Mustafa Ozer/AFP/Getty Images
A demonstrator flashes a V-sign before outlawed PKK (Kurdistan Worker`s Party) flag on November 13 2005, during the 'democracy and peace' demonstration organized by local non-governmental groups and pro-Kurdish parties in Diyarbakir, predominantly Kurdish city of southeastern Turkey.
In a 6-3 decision, the Supreme Court has ruled that U.S. citizens may not advise or aid certain organizations designated by the State Department—even toward its nonviolent ends. The challenge was brought by Ralph D. Fertig, a civil rights activist prosecuted for advising Kurdish militants in Turkey on peaceful ways to meet their goals. The group is among thirty or so designated groups that include Hezbollah, Hamas, and the Khmer Rouge. Should prosecutors draw a distinction between support for peaceful and violent activities of these organizations? Did the Court unfairly violate citizens’ 1st amendment rights? Or, is any support for known terror groups tantamount to advocating violence? And, what if a supporter has no knowledge of a group’s other activities?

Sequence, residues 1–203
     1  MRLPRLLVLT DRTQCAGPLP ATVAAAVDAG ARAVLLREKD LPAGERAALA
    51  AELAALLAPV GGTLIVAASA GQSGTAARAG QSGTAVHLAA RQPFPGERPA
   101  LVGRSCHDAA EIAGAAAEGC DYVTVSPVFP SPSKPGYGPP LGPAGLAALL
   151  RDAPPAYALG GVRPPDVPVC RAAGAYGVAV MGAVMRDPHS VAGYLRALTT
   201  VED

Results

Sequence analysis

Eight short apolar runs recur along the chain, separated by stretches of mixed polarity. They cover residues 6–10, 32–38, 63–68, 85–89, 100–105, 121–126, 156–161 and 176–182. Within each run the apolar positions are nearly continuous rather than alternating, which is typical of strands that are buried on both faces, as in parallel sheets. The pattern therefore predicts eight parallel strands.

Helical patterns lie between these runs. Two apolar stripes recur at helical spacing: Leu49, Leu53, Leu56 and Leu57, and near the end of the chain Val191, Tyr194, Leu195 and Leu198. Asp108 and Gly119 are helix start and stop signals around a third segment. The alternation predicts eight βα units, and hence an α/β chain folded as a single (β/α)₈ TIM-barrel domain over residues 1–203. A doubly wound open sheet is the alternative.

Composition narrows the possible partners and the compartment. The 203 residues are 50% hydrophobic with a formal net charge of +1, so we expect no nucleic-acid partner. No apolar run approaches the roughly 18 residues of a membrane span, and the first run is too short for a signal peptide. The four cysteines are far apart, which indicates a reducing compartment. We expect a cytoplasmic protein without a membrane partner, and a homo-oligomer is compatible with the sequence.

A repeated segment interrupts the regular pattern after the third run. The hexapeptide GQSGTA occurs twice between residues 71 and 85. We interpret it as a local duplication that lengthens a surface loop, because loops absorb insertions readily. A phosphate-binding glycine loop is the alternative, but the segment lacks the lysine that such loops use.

Full list of Foreign Terrorist Organizations (via state.gov)
Ralph D. Fertig, civil rights activist who challenged the law; Professor, USC School of Social Work
Shane Kadidal, Senior Attorney, Center for Constitutional Rights and co-counsel on Holder v. Humanitarian Law Project, No. 08-1498
John Eastman, Founding Director, Center for Constitutional Jurisprudence, which filed an amicus brief in support of the government in this case [PDF].